The biggest risk of relying on drawing down from an invested pension pot is the chance that you outlive your savings. This is called longevity risk. Research has shown that people tend to underestimate how long they will live, which means they may find themselves running out of money later in life, having overestimated how much they can take out each year.
If your withdrawals from your pot exceed the investment returns on the funds remaining in your pot, the size of your pot will reduce. If you are able to draw only from the returns your pot generates, it will last longer.
On the other hand, an obvious potential benefit of drawdown is that you can take as much or as little of your money as you want. You aren’t subject to annuity rates when it comes to the time to retire. You could also access more from your pot in the event of an emergency, although taking out too much could put you in a higher tax bracket and will deplete your fund value.
A further benefit is that your pot doesn’t die with you – it belongs to you and can be passed on to your loved ones in your will.
Withdrawing lump sums
You can also opt to take out irregular lump sums as and when you need them while leaving the rest invested, with what the industry calls an “uncrystallised fund pension lump sum”, or UFPLS. You still get the same proportion of tax-free cash as you do with the other options, but you can’t claim the whole amount in one go. Each time you take an UFPLS, a quarter of the amount you withdraw will be tax-free, with the rest taxed at your marginal rate.
So the main difference between flexiaccess drawdown and an UFPLS is that with the former you get your 25% tax-free lump sum all in one go and then pay tax on any other withdrawals, while with the latter you don’t take your initial lump sum but only pay tax on 75% of subsequent withdrawals.
Taking a UFPLS exposes you to many of the same risks you would face under flexi-access drawdown, although leaving that 25% lump sum invested could arguably reduce the chances of running out of money later. The key benefits are that your pot potentially stays bigger and your withdrawals are cheaper, depending on how much of the pot you take upfront.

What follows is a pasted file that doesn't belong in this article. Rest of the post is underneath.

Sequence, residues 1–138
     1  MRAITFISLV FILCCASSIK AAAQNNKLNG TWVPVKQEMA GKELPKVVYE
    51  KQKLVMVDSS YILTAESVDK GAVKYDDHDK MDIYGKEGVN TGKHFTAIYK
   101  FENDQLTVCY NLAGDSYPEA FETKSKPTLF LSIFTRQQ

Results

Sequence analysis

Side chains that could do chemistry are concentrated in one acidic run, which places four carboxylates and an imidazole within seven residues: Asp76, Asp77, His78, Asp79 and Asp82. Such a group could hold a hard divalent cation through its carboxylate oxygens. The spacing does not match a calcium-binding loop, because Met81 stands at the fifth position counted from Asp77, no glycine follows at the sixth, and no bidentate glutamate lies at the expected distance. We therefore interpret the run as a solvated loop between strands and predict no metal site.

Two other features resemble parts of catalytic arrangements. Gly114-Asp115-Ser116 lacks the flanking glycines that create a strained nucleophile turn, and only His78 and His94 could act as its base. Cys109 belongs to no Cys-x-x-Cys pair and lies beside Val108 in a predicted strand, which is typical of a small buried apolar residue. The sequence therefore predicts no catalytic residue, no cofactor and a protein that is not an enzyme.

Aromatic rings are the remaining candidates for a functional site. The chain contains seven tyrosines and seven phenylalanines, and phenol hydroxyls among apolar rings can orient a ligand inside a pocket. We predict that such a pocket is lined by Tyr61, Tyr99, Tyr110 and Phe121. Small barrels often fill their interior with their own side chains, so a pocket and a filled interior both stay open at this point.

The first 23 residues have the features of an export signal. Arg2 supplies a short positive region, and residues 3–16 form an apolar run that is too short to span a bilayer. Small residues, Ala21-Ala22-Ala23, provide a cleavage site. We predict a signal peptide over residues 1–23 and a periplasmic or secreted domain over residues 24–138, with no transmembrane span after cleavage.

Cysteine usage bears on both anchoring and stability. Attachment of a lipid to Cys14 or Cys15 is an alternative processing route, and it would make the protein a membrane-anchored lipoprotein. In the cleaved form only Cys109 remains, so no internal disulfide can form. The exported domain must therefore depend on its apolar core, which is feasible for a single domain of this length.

Take the whole thing
You can cash in your whole pot if you want. You’ll get your 25% taxfree lump sum and be taxed on the rest, but you’ll have the cash to do with as you please.
Since pension freedom came into effect, many people with smaller pots have been choosing this option, potentially because people are more likely to be able to cash in a smaller pot (up to three pots worth £10,000 or less) without having to pay a higher rate of tax. Those with larger pots may pay more tax relative to other options by taking it all at once.
If you take the entire pot in cash and leave it in a low-interest savings account, you’ll be swapping investment risk with inflation risk. By keeping the whole amount in cash, you won’t be affected directly by stock market crashes, but there is a strong chance that inflation will outstrip any interest you get. If instead you reinvest your money, the returns you earn could outpace inflation, but you will be taking on investment risk.
The bottom line
Before you make your choice, consider all your options carefully – an important decision like this shouldn’t be rushed. In fact, if someone is putting you under pressure to make a quick decision, it could be a sign of a scam. Consider taking financial advice, and finally, never listen to out-of-the-blue offers, no matter how great they sound.
To learn more about the types of scams catching people out, and to avoid becoming a victim, take a look at the FCA’s ScamSmart page: www.fca.org.uk/scamsmart
The Financial Conduct Authority: www.fca.org.uk
The Pensions Advisory Service: www.pensionsadvisoryservice.org.uk
Pension Wise: www.pensionwise.gov.uk
Money Advice Service: www.moneyadviceservice.org.uk